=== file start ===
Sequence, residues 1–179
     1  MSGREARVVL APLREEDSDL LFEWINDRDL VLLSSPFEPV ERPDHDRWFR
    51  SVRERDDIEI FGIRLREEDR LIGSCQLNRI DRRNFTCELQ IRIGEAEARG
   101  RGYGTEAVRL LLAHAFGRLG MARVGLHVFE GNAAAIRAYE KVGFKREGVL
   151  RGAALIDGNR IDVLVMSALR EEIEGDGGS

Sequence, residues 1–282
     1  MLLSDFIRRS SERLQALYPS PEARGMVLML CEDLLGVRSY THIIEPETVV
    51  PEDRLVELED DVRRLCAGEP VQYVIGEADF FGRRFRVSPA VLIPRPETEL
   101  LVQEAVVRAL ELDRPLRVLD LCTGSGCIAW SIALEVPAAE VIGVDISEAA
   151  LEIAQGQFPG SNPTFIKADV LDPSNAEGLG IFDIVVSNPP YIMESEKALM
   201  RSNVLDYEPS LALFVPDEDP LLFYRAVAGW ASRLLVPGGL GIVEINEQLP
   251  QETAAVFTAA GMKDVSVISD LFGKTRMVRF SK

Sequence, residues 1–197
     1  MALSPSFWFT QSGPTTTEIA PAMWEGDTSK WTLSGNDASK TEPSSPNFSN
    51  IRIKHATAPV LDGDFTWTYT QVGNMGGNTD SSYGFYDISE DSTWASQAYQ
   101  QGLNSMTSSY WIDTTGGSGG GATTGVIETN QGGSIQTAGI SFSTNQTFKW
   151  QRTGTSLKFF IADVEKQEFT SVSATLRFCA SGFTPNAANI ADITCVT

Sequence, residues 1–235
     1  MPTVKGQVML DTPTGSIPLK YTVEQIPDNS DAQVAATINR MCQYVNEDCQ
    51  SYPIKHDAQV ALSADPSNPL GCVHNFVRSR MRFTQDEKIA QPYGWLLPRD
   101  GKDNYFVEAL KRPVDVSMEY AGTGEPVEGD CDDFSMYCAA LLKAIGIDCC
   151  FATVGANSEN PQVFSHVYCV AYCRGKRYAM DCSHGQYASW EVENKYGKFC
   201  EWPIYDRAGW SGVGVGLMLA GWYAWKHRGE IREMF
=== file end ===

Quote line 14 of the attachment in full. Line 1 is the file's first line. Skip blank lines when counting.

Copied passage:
     1  MALSPSFWFT QSGPTTTEIA PAMWEGDTSK WTLSGNDASK TEPSSPNFSN